The Inefficient Multi-Tasker

In Bittersweet, Shauna Niequist writes the following words, words that resonate so deeply within my tensed muscles that I nearly felt relaxed to read to them:

She writes, “This winter, I got the kind of tired that you can’t recover from, almost like something gets altered on a cellular level, and you begin to fantasize about what it would be like to just not be tired anymore.”

Have you ever felt that way? Not just exhausted but exhausted. It’s the difference between needing a good night’s sleep or a short coma to recover. When I read her words, my worn out cells muster up their dwindling strength and shout in unison, “Amen, sister! Amen!

Shauna goes on to explain in the chapter “Things I Don’t Do” that her exhaustion comes from the need to do it all, so she prioritizes the things she wants to do and documents the things she is willing to give up in order to make room for the good. It’s simple, really, but it’s worth mentioning to the masses. I think we’ve all gotten into the habit of biting off more and more to chew until we find ourselves choking on things we really didn’t have any interest in chewing in the first place! Let’s face it. We live in a Pinterest-happy culture where monthly magazine articles encouraging us to be better hosts, chefs, crafters and lovers have been replaced by an unending, streaming barrage of prerequisites, each more ornate, more detailed, and more defeating than the next.

It’s exhausting trying to keep up.

I’ve recently begun the task of down-sizing from a personal phone and business phone to one phone. You think it would be easy enough: Inform your friends that you’re changing your number and make the switch. And perhaps it used to be but now my number is used at Walgreens, if I forget my care card, or Panera, or Biggby, or the grocery store. It’s on file at my doctor’s office, my dentist, my alma mater, my Facebook, my mail accounts, and my bank. It’s linked to emergency alerts and prescription reminders and my favorite clothing stores. Trying to remember where my number is stored is maddening! Do you know that I have four e-mail addresses? Yes, four! One for junk, one for work, and two personal accounts that reflect my name change. No wonder I can’t remember anything if it’s not written down in my calendar! And let’s not even get into whether I’ve stored that calendar date on my work calendar, my Google calendar, or my iPhone calendar! *Phew*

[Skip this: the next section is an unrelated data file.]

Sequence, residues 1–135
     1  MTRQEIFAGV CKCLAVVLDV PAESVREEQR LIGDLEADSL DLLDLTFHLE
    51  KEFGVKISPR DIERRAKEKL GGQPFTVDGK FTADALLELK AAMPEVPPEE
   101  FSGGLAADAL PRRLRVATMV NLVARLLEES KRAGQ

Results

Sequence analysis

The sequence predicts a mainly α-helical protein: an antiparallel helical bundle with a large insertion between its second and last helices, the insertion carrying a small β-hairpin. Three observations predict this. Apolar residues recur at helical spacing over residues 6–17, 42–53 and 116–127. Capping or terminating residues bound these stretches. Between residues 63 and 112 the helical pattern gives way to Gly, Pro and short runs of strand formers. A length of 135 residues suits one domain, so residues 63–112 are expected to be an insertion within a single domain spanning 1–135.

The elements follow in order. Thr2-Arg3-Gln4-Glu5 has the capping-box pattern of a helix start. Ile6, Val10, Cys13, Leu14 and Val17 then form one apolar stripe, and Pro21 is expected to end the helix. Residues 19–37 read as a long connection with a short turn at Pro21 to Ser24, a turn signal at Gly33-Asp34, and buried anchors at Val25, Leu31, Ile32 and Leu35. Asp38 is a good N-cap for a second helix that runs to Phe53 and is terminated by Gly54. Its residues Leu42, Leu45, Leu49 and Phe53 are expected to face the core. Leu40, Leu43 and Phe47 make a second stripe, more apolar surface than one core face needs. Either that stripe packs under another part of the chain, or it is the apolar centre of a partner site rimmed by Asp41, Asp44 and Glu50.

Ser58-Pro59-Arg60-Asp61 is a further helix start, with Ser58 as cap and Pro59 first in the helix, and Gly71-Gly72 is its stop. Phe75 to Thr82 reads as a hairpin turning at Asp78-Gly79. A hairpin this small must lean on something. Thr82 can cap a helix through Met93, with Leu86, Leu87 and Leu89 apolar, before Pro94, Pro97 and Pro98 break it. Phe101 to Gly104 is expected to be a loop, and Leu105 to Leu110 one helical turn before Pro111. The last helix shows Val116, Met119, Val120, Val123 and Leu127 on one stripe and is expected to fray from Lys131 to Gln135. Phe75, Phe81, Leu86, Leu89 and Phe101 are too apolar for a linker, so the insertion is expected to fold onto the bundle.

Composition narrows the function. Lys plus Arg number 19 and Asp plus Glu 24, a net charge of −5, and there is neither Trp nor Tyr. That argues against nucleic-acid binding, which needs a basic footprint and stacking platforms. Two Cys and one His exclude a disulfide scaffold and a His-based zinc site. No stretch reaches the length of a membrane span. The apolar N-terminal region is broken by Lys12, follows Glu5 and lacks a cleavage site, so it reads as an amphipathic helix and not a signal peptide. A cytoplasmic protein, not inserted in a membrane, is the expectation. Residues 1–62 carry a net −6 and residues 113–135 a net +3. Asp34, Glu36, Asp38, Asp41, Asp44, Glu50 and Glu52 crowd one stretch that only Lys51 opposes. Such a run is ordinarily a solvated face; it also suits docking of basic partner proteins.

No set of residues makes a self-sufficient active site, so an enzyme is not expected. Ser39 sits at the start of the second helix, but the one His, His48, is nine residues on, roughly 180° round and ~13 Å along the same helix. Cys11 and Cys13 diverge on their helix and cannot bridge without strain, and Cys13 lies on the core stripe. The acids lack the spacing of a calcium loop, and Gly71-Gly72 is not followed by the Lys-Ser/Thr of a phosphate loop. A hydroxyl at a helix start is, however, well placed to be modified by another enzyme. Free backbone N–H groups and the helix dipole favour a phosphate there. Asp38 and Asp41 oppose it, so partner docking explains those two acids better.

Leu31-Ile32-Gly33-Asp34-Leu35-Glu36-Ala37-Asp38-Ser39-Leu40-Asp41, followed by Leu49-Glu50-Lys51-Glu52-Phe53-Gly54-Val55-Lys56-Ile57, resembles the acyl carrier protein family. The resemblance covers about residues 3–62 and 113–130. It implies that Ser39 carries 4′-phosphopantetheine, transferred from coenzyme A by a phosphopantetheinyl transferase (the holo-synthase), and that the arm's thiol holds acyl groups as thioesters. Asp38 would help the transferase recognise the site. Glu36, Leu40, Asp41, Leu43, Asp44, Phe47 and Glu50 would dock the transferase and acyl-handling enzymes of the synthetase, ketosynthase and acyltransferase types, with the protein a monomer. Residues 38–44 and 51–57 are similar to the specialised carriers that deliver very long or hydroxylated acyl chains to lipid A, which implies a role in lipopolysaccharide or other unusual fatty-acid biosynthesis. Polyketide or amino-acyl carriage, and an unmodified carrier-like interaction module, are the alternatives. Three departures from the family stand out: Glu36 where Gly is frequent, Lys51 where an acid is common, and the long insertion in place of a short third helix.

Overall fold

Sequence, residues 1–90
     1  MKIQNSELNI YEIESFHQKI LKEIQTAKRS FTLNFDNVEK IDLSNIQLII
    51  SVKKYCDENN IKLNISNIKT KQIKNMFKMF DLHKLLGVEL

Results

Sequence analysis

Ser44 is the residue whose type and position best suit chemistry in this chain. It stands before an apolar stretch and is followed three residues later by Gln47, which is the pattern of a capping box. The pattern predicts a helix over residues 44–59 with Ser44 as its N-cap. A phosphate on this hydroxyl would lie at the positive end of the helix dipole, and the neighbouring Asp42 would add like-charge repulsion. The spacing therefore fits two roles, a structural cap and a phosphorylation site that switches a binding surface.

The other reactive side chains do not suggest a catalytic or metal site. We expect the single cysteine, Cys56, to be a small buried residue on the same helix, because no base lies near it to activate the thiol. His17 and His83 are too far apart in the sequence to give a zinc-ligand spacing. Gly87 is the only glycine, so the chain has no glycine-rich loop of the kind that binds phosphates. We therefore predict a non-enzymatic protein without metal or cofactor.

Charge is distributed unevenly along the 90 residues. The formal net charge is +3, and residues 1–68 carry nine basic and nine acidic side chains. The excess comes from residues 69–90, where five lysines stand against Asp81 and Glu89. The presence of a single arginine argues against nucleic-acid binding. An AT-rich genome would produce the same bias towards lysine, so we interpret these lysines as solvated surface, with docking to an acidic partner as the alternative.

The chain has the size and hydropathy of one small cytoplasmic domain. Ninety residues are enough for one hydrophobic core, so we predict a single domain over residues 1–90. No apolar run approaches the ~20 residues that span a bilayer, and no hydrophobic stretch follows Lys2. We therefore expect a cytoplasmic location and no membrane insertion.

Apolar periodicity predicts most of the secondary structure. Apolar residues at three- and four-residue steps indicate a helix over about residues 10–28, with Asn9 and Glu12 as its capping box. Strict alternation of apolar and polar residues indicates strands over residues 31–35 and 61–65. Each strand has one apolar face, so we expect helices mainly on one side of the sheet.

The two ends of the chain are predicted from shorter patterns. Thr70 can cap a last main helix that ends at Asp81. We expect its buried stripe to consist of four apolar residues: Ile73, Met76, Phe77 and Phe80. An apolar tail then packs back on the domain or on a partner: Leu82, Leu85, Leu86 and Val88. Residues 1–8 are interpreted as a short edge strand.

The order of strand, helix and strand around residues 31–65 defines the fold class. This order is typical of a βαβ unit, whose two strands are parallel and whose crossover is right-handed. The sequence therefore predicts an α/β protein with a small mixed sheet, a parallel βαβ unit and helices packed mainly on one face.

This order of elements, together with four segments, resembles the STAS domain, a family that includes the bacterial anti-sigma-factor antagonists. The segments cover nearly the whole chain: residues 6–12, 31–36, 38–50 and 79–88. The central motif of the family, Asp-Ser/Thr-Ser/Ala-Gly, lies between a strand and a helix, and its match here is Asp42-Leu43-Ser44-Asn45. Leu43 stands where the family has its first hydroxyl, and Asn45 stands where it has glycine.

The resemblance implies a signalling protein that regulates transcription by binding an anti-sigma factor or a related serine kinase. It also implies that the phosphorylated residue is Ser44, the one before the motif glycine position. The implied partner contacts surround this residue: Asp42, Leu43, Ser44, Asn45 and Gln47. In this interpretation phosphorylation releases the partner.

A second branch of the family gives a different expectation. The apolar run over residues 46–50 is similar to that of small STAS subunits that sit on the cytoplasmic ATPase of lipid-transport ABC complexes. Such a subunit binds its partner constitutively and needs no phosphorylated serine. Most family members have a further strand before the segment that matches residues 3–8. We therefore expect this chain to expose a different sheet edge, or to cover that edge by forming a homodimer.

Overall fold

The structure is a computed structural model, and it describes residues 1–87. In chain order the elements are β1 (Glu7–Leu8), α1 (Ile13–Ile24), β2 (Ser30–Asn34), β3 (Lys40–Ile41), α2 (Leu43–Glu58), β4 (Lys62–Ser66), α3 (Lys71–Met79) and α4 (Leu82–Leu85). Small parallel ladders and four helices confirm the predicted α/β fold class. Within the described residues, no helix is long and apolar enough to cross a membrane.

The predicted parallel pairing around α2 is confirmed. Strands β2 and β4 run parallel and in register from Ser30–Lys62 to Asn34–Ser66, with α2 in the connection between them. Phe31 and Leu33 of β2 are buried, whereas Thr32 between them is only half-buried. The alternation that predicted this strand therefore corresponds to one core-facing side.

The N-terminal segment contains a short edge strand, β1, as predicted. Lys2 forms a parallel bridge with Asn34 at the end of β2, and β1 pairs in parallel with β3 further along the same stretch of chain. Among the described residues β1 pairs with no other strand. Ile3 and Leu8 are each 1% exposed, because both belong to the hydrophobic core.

How did my life get so cluttered? In my effort to multi-task, I’ve rendered myself nearly useless in every category that I want to grow. And I’ve found myself juggling e-mail addresses and calendars full of repeat or bogus information!

If I, like Shauna, evaluated my priorities to establish the “things I don’t do,” I might come up with a list like this:

  • Excel in the kitchen. My husband makes incredible meals and he enjoys cooking. I should be satisfied with some passing grades and move on.
  • Pinterest projects. I hate them. And aside from basic artwork, I have every awareness that I am no good at them.
  • Maintain a spotless house. Dogs shed. And my time is too precious to spend every minute with a Swiffer in hand.
  • Hold regular hair appointments. I get my hair cut when I am painfully disheveled or when my bangs grow over my eyes and I can no longer see.